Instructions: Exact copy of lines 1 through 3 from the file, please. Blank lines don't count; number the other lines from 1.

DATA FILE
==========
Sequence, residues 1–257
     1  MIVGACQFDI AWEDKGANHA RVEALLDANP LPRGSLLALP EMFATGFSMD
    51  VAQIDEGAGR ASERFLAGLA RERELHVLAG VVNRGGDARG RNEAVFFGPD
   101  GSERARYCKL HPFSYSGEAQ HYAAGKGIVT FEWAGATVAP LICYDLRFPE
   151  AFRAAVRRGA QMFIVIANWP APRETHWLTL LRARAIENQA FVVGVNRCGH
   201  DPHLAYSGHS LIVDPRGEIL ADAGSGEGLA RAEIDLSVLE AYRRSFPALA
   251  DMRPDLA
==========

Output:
Sequence, residues 1–257
     1  MIVGACQFDI AWEDKGANHA RVEALLDANP LPRGSLLALP EMFATGFSMD
    51  VAQIDEGAGR ASERFLAGLA RERELHVLAG VVNRGGDARG RNEAVFFGPD